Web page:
The NAACP and other plaintiffs lost a bid to block President Trump, his campaign, and the Republican National Committee from challenging the vote count in several states on Friday in federal court.
The lawsuit challenged Republican efforts to contest election results in numerous states and metropolitan areas where Democrats had turnout their own voters in overwhelming numbers. The plaintiffs charged that Trump’s objections “sought to overturn the result of the election by disenfranchising voters, particularly African-American voters in several major metropolises.”
During the 2020 election, then-candidate Joe Biden boasted that he had hired hundreds of attorneys to file challenges in the event that Trump won. Democrats also concentrated their turnout efforts on states with large urban populations. Facebook CEO Mark Zuckerberg and his wife spent hundreds of millions of dollars to get out the vote in key states where Democrats dominate. In states where vote-by-mail was first introduced, it attracted a lot of attention.
The lawsuit, however, portrayed Republican efforts to disenfranchise black voters as an attempt to violate the Voting Rights Act and the Ku Klux Klan Act. The latter was designed to counteract attempts to disenroll blacks at the end of the Civil War.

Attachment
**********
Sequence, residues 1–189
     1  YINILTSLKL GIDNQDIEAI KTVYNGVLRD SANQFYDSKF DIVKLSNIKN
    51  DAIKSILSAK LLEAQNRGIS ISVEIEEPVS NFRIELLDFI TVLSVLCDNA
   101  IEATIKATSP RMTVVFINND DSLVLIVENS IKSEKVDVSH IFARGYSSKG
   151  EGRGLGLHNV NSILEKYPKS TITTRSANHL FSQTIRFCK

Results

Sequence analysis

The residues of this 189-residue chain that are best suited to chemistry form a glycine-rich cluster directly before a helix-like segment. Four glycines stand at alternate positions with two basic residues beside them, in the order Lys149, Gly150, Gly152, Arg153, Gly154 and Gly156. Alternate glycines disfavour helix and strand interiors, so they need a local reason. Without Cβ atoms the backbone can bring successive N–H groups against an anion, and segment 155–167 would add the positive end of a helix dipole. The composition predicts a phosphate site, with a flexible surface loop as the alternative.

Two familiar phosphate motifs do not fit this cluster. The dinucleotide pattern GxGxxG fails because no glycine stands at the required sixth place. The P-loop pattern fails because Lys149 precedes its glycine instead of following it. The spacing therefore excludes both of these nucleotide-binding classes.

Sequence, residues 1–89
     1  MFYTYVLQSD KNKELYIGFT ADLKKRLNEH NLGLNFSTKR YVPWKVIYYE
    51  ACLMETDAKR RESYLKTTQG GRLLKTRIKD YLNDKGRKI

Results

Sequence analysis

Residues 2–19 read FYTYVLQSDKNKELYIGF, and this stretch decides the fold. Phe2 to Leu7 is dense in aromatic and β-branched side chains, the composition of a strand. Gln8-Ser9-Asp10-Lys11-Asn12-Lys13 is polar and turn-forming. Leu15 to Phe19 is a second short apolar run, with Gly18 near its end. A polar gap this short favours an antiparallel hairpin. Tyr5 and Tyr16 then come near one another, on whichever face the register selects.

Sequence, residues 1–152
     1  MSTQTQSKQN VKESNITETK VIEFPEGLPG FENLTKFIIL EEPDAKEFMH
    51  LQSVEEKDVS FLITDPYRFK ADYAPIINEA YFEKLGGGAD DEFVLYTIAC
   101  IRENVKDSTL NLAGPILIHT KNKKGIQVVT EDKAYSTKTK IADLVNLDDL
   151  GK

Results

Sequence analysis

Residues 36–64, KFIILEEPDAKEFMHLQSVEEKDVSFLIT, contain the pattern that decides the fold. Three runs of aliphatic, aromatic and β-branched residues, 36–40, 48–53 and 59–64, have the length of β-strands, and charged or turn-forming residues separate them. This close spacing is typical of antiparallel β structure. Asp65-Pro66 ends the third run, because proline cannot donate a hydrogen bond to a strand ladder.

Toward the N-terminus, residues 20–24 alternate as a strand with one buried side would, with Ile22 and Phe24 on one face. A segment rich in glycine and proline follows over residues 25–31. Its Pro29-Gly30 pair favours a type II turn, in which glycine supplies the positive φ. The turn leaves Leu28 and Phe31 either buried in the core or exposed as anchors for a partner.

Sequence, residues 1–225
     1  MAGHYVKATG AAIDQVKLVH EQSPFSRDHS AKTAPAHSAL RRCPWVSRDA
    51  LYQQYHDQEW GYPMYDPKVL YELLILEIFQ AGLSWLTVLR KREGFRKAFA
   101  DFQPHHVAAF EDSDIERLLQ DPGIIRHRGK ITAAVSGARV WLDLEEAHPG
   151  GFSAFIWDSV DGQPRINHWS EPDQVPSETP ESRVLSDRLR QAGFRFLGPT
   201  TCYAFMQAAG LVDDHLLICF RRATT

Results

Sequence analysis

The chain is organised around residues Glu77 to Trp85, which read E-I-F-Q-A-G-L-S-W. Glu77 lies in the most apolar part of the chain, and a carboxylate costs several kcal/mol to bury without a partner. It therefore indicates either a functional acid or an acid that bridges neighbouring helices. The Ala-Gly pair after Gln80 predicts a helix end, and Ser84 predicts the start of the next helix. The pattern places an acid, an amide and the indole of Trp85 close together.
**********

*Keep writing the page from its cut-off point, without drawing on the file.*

“Defendants’ attempts to disenfranchise hundreds of thousands of voters—including targets such as Detroit, Michigan, Milwaukee, Wisconsin, Philadelphia, Pennsylvania, and Atlanta, Georgia—reproduce the most egregious violations in our country’s history when Black Americans were denied a voice in American democracy for the bulk of the first two decades centuries of the Republic,” the lawsuit claimed.
Emmet Sullivan, the same judge who presided over the trial of former National Security Advisor Michael Flynn and was seen by many to have a prejudice against President Trump in that case, was assigned to handle the lawsuit.
The Law & Crime blog reported:
“A federal judge ruled on Friday that President Trump and the GOP do not have to face the allegations that they violated the Voting Rights Act in 2020.”
“The judge declined to rule on whether Trump and the Republican Party must face allegations that they violated the KKK Act, which remains in effect. In addition, Donald Trump and the RNC lost a motion to have the remaining case moved away from Washington, D.C.”
“The district court agreed, finding that the civil rights groups had no standing to pursue their Voting Rights Act claim because the action focuses on past behavior and seeks remedy for future conduct.”
The case was closely watched because it might have jeopardized future Republican efforts to track elections in heavily Democratic regions, where Zuckerberg and other activists have concentrated their efforts, sparking concerns about ballot integrity.